In the hands of experienced guides, mountain men, and hunters in the West and North these cartridges and the guns in which they are used have given perfect results upon all game including the largest varieties of bear. This is not saying that they are bear or elephant guns, but they will do the work when required, and certainly have ample power for elk and moose.
The .35 Winchester
This cartridge might fairly have been placed with the big bores, but falls short of the 8,000 pounds of muzzle energy that is the minimum with them, so I have put it in the present class. In power it shows what the .33 Winchester and .35 Remington might have accomplished if given a few hundred feet greater velocity. The .35 Winchester is well liked by all those who have a partiality for ample power and do not mind the recoil which must accompany it. In all respects, striking force, velocity, and trajectory, it is an advance upon the preceding cartridges, having an energy at one hundred yards equaling the others at the muzzle.
There are many other cartridges, like the .30-40-220 Krag, .303 British, 7, 8, and 9 mm. Mauser which might have been placed in class 1, but they are being remodeled to take heavier powder charges in connection with light Spitzer bullets and so have been promoted to class 2.
Class 2.—Military and Sporting
Rifles adapted to shooting Moose, Elk, Grizzly Bear, Mountain Sheep, Goats, and all American game.
Calibers—.236 Lee-Navy, .256 Mannlicher, .25-50-117 Newton High-Power, 7, and 8 mm. Mauser-Spitzer, .280 Ross, 30-’06 Springfield, .275-303 Axite.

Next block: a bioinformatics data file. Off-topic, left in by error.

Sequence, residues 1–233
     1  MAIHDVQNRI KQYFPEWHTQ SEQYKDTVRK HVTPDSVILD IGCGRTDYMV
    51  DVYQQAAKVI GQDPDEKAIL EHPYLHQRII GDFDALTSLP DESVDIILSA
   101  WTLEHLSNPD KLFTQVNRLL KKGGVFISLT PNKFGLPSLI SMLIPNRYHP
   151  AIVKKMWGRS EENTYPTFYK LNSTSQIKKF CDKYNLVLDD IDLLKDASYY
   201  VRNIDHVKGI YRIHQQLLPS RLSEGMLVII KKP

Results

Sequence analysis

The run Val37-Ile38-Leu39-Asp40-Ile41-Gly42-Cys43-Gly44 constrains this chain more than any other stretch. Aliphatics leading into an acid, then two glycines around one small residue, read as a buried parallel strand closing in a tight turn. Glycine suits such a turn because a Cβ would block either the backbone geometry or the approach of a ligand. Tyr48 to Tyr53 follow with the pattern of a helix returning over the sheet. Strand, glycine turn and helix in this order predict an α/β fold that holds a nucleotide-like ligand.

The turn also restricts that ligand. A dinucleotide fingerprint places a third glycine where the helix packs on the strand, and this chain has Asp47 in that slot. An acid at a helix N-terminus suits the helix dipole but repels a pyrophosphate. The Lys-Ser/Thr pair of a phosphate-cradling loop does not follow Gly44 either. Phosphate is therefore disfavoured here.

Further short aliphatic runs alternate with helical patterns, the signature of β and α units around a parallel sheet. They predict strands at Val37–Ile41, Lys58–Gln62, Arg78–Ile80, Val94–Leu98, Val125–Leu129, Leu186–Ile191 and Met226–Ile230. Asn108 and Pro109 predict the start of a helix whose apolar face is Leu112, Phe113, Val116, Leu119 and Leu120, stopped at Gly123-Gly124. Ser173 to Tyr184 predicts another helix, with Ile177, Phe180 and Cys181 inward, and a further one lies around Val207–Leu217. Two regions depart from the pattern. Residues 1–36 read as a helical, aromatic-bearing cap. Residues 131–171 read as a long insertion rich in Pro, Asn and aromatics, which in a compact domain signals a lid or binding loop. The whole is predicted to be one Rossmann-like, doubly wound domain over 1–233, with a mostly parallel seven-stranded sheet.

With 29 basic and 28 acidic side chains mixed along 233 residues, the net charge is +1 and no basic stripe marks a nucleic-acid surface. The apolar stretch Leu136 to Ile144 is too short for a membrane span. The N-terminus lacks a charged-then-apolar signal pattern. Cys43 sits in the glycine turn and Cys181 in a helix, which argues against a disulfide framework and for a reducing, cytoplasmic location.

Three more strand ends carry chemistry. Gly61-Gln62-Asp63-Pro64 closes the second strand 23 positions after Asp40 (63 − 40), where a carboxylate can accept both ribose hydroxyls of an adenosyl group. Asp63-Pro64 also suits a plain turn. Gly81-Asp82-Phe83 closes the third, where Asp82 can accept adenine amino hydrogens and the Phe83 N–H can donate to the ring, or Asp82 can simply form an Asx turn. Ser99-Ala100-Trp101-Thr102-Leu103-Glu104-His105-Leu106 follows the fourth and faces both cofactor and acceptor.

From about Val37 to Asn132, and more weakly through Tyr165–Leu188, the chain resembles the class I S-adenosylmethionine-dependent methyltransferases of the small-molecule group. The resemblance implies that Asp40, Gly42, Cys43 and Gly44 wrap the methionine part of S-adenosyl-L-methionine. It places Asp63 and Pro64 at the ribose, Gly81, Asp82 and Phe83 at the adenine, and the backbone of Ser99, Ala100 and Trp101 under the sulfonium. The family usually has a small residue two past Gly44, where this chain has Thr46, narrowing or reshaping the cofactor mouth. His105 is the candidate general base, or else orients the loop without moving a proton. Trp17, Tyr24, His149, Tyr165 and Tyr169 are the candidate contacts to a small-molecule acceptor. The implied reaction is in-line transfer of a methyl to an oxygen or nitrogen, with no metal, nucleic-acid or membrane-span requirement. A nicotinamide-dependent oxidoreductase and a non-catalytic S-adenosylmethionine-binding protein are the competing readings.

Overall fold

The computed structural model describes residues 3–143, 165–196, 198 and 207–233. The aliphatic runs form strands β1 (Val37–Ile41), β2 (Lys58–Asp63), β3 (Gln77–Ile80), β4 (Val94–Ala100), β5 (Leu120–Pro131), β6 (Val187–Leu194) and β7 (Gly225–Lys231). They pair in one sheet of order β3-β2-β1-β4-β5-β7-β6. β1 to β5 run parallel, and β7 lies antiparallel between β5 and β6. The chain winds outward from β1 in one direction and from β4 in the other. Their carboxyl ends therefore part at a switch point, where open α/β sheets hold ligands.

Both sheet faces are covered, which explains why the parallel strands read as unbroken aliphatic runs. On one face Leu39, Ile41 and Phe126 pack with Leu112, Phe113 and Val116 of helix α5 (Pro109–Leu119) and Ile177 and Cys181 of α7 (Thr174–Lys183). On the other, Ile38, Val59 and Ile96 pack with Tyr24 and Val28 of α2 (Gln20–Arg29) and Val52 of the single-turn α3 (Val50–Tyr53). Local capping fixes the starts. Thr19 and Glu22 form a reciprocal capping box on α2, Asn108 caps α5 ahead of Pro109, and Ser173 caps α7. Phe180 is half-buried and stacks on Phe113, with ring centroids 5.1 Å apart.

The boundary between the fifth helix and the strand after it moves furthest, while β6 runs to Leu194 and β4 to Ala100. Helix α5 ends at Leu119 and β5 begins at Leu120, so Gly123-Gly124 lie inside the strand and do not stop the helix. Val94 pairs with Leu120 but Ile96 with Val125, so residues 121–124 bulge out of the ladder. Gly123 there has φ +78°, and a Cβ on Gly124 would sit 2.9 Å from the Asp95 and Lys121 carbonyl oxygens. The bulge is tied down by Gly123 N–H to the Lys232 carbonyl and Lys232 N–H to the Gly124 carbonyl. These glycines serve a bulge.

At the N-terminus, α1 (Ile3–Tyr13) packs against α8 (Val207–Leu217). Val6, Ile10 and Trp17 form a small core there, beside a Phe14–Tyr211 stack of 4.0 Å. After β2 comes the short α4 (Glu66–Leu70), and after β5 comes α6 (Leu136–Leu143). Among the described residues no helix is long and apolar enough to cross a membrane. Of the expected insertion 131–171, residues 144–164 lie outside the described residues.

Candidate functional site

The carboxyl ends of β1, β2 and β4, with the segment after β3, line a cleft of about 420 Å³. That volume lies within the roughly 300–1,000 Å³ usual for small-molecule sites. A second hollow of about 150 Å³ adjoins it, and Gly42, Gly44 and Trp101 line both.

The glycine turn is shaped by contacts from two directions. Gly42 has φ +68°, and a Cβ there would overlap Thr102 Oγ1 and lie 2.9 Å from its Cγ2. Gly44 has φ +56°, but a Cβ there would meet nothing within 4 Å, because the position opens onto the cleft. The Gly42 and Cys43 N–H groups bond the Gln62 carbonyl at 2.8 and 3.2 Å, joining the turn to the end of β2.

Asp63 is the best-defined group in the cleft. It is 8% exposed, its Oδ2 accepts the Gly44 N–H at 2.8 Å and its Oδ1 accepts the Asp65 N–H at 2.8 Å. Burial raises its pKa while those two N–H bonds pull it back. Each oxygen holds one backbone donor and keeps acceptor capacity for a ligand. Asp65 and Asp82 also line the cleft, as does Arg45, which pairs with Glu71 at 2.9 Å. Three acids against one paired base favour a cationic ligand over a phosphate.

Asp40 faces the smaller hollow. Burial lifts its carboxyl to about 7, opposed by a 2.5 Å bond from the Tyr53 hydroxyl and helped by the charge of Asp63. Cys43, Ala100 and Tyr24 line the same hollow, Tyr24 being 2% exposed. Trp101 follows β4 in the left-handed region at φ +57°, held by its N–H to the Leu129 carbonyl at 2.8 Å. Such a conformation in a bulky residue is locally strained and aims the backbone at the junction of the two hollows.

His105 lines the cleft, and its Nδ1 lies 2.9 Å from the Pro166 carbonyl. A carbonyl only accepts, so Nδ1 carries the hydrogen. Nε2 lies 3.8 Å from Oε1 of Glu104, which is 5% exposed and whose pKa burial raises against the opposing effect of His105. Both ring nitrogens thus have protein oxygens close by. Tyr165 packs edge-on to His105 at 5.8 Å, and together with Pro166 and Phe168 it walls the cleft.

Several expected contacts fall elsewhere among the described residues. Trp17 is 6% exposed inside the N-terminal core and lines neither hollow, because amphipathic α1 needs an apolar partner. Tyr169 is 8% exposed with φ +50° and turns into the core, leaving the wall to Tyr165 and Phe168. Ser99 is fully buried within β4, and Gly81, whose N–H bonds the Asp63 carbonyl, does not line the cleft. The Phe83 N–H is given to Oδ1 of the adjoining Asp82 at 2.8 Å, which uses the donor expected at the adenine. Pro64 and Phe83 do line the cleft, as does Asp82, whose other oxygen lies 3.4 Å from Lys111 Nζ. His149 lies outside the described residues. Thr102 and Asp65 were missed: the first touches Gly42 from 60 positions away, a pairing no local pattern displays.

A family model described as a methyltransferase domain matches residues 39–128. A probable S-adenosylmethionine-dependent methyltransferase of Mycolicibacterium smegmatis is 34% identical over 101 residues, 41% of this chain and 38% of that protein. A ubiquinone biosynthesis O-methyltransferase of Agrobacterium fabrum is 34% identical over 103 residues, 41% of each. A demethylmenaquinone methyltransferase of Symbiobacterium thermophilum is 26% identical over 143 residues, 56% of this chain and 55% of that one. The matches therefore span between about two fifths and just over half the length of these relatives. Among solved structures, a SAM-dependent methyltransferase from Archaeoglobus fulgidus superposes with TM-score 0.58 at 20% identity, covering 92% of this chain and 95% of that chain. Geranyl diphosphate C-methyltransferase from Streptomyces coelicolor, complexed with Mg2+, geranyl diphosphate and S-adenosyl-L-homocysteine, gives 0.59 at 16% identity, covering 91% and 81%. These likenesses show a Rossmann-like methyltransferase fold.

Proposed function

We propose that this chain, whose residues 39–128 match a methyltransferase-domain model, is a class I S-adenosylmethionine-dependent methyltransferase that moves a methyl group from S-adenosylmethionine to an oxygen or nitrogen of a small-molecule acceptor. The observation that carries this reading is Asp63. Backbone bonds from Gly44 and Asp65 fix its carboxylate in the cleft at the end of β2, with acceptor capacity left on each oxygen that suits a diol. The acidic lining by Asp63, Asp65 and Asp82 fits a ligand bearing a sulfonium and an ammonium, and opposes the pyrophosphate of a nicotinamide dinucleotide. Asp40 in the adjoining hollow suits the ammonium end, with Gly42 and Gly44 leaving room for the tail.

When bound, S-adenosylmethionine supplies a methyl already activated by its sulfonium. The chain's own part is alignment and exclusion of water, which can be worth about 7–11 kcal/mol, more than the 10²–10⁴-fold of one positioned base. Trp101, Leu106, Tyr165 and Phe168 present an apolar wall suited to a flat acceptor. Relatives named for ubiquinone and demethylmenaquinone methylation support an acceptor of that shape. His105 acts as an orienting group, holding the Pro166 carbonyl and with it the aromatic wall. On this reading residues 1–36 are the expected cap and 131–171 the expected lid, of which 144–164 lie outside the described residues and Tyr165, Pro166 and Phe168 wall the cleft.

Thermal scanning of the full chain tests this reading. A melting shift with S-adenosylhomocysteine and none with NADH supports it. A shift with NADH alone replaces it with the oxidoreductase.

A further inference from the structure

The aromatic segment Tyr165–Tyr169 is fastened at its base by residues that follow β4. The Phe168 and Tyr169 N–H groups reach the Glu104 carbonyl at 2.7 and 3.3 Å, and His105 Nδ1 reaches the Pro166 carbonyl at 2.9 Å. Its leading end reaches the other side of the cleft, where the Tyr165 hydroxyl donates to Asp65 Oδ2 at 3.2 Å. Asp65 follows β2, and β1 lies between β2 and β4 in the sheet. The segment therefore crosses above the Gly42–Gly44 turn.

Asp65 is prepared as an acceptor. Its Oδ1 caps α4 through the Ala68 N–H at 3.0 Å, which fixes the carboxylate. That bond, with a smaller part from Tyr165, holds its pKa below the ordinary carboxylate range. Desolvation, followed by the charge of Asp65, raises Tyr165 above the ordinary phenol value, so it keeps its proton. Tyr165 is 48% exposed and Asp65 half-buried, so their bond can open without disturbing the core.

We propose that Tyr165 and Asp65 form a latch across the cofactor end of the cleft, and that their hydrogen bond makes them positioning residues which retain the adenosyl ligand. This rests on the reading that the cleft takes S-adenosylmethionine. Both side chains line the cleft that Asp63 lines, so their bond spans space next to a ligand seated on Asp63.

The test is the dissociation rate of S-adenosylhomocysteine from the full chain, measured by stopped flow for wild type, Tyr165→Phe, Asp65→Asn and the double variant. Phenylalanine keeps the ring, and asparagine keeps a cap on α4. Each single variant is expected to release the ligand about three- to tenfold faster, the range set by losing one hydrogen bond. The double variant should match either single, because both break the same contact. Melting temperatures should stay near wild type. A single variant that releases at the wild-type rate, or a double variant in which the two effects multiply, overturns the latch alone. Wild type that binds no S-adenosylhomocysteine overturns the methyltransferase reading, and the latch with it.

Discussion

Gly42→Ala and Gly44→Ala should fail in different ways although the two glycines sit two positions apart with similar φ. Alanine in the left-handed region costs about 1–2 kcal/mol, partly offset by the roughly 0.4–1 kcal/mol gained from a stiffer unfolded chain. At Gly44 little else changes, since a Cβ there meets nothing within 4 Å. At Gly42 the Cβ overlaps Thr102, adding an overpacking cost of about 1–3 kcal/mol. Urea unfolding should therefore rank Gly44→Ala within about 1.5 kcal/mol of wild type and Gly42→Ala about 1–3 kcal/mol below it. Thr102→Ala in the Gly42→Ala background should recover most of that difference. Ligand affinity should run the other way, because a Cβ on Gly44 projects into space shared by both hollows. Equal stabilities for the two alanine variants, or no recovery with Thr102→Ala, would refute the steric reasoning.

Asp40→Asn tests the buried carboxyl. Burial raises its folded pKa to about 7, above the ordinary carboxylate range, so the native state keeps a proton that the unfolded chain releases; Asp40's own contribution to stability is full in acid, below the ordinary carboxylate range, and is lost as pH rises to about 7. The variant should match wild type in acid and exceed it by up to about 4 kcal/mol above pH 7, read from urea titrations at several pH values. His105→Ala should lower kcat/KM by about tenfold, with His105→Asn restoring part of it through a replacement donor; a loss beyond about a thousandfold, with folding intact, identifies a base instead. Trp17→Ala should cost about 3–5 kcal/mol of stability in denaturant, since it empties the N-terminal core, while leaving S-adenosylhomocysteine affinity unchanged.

As previously stated, cartridges embraced in this class were either originally designed for long range military use, or they have been modeled after this type of ammunition. With the exception of the .275-303 Axite, all the above are alike in every essential ballistic quality. Those of most recent design are the highest in velocity, which aptly illustrates the tendencies of the times. Velocities range from 2,500 feet for the Mannlicher to 3,500 feet for the Newton High-Power.
With the one exception noted, considered as game cartridges, they are an absolute departure from accepted conclusions. Previous to their invention it was not doubted that soft-point bullets were more effective on game than full metal patched, or that blunt points had a smashing effect that the sharp lacked. Now we are confronted with the theory, not unsupported by proof, that the sharp-point, full mantle is the most deadly form of projectile when driven at a velocity approaching 3,000 feet. Accepting the theory as true, we can only account for it by acknowledging as a fact the statement that given speed enough a bullet will upset anyhow, no matter what its shape or metal covering.
Further the speedy ball must have an explosive effect on animal tissue not unlike its manner of bursting a can of tomatoes. So pronounced is this explosive quality in the highly driven bullet that I am told the tiny .22 Newton-Savage is more deadly on deer than the .30-30. Whatever the reason that may be assigned, such rifle experts as Lieut. Whelen, Roosevelt, White, Crossman, and others pronounce the ’06 Springfield the most deadly form of 150 grain missile that ever struck animal flesh.